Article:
Saying sorry, especially for women, has become the new norm. As natural nurturers this instinctive space-filler keeps the peace, while simultaneously ensuring our likeability and ladylikeness. This instant “belly up” tactic works to defeat women on a daily basis. 

This “sorry” epidemic is detrimental to women, especially for the future of female leadership. According to the New York Times article “Speaking While Female”, when a woman speaks in a professional setting, she walks a tightrope. This tightrope being the fine line between being barely heard, and being too aggressive. Speaking up puts you into the automatic bitch box. But not speaking up gets you no where, creating the ultimate female-catch-22. This lexical faux pas could very well be the reason only 5.2% of Fortune 500 CEO’s are women, and that women hold a mere 1% of the worlds wealth. 

Now, sorry in itself is not a bad word, nor is it gender exclusive. In fact, it is common trait of politeness. And, according to a SALON article called “I’m Not Sorry for Saying Sorry: Women Should Feel Free to Apologize as Much as They Want,” sorry is just a “ritual of restoring balance to a conversation.” In other words, a form of chit chat to make people more comfortable. But constantly apologizing for speaking your mind, or for things that are not your fault is exhausting, incarcerating, and usually exclusive to women. 

Melissa Atkins Wardy, author of “Redefining Girly”, recently stated in a CNN article that “Our girls need to learn their voice has every right to take up space in a conversation, in a room, and in an argument.” Confidence counts just as much as competence and this generation of girls is lacking in one of the two. With 60% of all university graduates being women, it certainly isn’t competence. And in addition saying and feeling sorry for doing day to day activities causes a serious confidence gap between men and women. This is why men are more likely to feel over-confident, while women are prone to underestimation.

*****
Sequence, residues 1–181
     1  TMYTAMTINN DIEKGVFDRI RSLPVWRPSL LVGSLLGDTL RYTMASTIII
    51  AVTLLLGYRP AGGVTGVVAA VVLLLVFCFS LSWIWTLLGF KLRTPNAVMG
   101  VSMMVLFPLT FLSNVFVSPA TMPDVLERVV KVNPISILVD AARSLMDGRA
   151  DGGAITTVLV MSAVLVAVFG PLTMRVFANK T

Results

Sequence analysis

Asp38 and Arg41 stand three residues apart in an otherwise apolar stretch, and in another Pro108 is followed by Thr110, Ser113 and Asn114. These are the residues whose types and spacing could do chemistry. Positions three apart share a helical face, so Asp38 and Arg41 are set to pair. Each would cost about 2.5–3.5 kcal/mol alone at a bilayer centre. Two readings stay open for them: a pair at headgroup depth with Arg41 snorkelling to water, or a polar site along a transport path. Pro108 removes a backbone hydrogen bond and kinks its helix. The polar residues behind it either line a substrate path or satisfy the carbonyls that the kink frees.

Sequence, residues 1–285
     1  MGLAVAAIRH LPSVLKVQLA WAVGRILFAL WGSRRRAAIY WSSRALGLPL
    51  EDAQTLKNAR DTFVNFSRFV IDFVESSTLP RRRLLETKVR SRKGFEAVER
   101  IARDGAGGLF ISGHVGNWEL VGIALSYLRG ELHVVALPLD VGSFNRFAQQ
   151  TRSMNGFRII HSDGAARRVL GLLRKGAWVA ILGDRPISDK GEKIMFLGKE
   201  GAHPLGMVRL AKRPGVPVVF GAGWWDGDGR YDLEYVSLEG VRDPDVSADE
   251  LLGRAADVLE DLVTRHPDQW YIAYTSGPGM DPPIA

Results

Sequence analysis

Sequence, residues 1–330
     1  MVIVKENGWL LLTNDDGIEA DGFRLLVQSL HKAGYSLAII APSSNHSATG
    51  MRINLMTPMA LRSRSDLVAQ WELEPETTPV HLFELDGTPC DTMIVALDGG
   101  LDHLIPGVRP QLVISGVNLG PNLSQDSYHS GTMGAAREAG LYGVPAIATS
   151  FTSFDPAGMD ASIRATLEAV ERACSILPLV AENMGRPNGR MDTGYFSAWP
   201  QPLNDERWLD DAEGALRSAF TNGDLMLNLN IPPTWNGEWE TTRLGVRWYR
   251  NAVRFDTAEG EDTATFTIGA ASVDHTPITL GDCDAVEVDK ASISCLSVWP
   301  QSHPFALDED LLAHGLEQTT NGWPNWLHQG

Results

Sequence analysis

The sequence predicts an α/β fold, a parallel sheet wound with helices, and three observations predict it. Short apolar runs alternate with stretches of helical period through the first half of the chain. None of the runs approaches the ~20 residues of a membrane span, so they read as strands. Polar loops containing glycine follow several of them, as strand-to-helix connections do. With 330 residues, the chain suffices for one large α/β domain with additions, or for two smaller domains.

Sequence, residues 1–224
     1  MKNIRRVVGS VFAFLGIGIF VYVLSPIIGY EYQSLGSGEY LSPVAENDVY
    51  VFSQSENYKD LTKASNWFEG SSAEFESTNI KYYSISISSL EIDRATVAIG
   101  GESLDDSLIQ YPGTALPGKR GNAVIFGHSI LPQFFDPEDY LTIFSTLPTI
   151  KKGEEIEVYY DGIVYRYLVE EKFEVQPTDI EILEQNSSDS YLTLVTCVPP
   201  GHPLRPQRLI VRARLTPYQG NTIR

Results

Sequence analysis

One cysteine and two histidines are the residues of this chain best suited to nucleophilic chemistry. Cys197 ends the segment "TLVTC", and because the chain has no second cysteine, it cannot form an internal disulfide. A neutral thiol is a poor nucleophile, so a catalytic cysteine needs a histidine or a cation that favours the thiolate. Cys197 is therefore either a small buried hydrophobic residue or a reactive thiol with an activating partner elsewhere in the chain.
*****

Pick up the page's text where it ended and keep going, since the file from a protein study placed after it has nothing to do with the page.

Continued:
The recent Dove commercial “Sorry Not Sorry” has brought attention to the sorry sickness. With more women acknowledging the excessive use of this appeaser, the apology apocalypse will hopefully be a thing of the past. 

“Women have been trained to speak softly and carry a lipstick. Those days are over.” -Bella Abzug

Works cited:

Sandberg, Sheryl, and Adam Grant. “Speaking While Female.” The New York Times. The New York Times, 10 Jan. 2015. Web. 04 Mar. 2015.

Warner, Judith. “Fact Sheet: The Women’s Leadership Gap.” Americanprogress.org. N.p., n.d. Web. 11 Feb. 2015.